Full Circle (Fei Yue Lao Ren Yuan): Film Review

Full Circle - H 2013
Seattle International Film Festival
Pandering Chinese dramedy can't compete with similarly themed recent Western films.

A group of senior citizens break out of the old-folks home to perform on TV in this feel-good dramedy.

SEATTLE — A feel-good geriatric dramedy that behaves as if having a formula eliminates the need to develop characters and give them motivations, Zhang Yang's Full Circle cheers on residents of a Chinese nursing home who enter a televised talent contest. Friendly but unsubstantial, the import has little to offer Western viewers whose senior-friendly options have recently included such high-wattage titles as the Terence Stamp/Vanessa Redgrave vehicle Unfinished Song, a SIFF entry that The Weinstein Co. will bring to screens later this month.

Xu Huanshan plays Ge, who is forced from home when his wife dies and must squeeze into a nursing home with old friend Zhou (Wu Tianming). There, his pal has already pitched residents on an idea that seemingly came from nowhere: They will create a costumed pantomime routine and make a cross-country trek to perform on the local equivalent of America's Got Talent. Zhou has his reasons, revealed midway through the film, but the quick enthusiasm of his volunteers is unmotivated, throwing the film into full gear after only a few seconds of scene-setting.

After subjecting Ge to a couple of indignities designed to quickly make him reliant on his new neighbors, the film focuses on the construction of a routine that is baffling to Western eyes. A young Chief Nurse (Yan Bingyan), who in reality would surely embrace any project that got her patients excited in such a low-impact way, becomes a naysayer, canceling their plans for fear that something will happen; the dancers' adult children unanimously refuse to consent, prompting residents who are clearly capable of making rational decisions to complain about being denied autonomy.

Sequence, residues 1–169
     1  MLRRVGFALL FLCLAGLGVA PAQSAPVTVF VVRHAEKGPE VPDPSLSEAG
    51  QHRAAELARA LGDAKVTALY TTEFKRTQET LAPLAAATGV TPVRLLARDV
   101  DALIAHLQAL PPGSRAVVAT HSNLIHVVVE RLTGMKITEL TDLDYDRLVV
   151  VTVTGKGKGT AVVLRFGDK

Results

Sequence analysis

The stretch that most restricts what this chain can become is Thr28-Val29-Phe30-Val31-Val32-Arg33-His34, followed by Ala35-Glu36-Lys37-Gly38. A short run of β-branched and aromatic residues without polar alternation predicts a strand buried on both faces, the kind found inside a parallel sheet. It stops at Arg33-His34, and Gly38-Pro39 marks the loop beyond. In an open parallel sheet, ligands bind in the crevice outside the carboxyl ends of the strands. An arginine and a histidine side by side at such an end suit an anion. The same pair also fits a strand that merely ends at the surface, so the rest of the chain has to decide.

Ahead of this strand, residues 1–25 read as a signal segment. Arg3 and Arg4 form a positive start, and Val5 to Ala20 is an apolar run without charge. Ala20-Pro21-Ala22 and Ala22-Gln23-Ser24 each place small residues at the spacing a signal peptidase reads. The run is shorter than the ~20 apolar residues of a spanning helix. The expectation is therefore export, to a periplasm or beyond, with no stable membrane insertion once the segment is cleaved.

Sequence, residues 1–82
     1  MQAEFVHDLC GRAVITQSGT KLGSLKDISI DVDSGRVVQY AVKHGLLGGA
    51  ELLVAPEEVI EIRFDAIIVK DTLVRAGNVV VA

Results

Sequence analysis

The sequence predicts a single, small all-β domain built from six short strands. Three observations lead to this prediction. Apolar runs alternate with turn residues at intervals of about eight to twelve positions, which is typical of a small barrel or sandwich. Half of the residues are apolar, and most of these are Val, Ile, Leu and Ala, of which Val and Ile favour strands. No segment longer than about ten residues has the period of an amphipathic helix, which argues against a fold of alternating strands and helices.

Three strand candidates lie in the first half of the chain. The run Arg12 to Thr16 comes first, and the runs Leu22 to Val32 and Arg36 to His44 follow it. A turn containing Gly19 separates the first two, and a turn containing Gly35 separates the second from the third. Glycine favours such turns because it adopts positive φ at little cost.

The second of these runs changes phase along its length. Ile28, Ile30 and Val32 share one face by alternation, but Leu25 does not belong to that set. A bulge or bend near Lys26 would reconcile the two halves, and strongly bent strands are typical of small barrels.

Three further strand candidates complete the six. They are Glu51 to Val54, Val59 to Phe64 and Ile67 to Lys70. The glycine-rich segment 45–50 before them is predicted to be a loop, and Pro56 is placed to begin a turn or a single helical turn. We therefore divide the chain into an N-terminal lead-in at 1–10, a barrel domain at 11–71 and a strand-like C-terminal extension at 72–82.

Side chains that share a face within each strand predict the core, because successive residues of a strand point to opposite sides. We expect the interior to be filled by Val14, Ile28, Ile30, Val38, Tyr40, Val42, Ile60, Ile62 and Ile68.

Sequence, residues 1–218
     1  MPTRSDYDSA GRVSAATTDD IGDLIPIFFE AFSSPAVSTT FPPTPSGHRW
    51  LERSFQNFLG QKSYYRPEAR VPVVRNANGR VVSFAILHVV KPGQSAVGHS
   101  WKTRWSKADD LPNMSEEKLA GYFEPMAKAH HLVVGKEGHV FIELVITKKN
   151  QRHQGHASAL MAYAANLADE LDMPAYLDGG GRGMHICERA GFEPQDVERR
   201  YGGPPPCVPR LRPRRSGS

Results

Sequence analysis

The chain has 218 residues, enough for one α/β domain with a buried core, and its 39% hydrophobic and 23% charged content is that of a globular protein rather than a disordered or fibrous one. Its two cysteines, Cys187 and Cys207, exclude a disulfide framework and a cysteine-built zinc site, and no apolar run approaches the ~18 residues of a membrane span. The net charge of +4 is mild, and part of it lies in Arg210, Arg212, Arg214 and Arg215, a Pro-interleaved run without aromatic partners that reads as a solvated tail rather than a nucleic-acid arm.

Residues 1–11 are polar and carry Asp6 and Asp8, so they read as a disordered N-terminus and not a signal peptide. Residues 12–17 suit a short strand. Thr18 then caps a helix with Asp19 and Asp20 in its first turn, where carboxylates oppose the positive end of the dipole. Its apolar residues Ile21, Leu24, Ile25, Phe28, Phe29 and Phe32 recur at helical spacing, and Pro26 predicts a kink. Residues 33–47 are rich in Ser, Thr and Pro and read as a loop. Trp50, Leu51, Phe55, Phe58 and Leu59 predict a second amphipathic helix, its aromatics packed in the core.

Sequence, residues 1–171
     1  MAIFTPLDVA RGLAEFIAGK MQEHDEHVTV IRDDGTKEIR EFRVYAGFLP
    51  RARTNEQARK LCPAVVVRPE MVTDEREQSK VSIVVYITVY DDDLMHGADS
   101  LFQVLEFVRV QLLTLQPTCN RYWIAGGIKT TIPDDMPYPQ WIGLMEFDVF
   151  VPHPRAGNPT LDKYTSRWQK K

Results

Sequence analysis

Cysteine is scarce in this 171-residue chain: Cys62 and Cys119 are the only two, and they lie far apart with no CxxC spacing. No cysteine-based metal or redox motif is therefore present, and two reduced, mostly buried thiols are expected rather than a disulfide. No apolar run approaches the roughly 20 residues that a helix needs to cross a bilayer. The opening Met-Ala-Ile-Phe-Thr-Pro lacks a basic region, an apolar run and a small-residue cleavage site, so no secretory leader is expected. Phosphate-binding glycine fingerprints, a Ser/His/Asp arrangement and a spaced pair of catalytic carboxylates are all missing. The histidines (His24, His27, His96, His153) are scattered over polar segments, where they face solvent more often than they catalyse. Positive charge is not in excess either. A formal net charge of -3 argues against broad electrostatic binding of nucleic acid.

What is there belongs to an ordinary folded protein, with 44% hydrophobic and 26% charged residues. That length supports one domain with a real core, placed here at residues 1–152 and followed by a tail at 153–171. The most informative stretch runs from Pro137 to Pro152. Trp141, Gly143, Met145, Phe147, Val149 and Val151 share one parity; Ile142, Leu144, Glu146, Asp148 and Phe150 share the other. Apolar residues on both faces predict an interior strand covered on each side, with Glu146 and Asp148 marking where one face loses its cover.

So they sneak out, buying a rusty bus for a wholly predictable road trip where decades-old familial grudges will be healed and (spoiler alert) someone will die -- but not, of course, before the gang gets a moment in the sun to prove that old folks are people, too.

Tech values are fine, and the cast (most in their seventies or older) is a good deal better than the material they've been given by their director, whose films include 1999's Shower.

Production Companies: China Film Co., Desen International Media Co.
Cast: Xu Huanshan, Wu Tianming, Li Bin, Yan Bingyan, Niu Ben, Han Tongsheng
Director: Zhang Yang
Screenwriters: Huo Xin, Zhang Chong
Producers: Ann An, Li Li, Zhang Quiang
Director of photography: Yang Tao
Production designer: An Bin
Music: San Bao
Editor: Yang Hongyu
No rating, 104 minutes